Darkness is vanishing, and that’s a problem. Historian Kenneth Weisbrode and poet Heather H. Yeung explain how and why we seek out the dark.
To understand the future of seabed mining, look to the economic and environmental histories of an industry that threatens the stability of the ocean floor.
Aquaculture is bringing seafood out of the sea. It might be a good idea.
The acclaimed writer of the bestselling Mars trilogy and Red Moon models possible futures in his science fiction for a biosphere of eight billion people, seeking new solutions for global emergencies.
In the 1940s and 1950s, atmospheric studies of Canada’s Arctic North were defined by technological failure. Edward Jones-Imhotep tells the story of the Cold War from a new vantage point—that of an “unreliable nation.”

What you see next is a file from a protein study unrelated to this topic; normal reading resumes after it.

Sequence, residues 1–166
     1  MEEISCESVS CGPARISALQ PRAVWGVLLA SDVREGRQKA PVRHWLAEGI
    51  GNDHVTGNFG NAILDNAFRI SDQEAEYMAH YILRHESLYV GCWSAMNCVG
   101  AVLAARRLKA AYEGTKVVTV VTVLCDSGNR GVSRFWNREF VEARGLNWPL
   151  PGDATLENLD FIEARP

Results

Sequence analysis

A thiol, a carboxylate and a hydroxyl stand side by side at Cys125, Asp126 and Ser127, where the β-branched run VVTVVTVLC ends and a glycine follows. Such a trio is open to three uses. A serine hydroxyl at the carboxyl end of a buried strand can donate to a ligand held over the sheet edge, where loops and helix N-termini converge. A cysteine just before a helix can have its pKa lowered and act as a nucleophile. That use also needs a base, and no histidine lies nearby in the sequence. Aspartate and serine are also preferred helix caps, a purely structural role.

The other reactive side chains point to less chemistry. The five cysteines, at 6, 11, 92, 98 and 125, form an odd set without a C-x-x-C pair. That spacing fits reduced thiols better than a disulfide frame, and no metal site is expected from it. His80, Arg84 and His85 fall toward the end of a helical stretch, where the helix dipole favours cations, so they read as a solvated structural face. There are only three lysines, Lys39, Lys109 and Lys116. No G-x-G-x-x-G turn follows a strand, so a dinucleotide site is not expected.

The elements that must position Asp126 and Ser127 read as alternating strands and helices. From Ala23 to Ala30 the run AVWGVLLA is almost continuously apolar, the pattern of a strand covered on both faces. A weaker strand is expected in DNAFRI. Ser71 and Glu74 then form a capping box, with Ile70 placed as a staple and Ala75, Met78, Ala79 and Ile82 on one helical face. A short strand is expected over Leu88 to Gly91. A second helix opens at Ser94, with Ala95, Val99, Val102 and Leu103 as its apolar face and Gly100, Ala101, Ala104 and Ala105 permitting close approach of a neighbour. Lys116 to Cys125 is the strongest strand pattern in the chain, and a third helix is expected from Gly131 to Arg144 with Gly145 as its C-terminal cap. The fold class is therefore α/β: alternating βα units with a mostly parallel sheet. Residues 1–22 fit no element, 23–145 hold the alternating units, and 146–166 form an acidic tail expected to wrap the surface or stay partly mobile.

November 2016 recommendations from the Edge Effects editorial board.
When the National Canners Association and the US Bureau of Fisheries write the recipes, Americans learn to serve Jello Salad and Tilefish for dinner.
Repeat photography is used by a range of scientists and artists as a form of data collection, but also raises deeper questions about the nature of truth.
April 2016 recommendations from the Edge Effects editorial board.
A conversation with geographer Scott Kirsch about what we mean when we talk about technology, and how we can understand the relationship between language and environmental and historical change.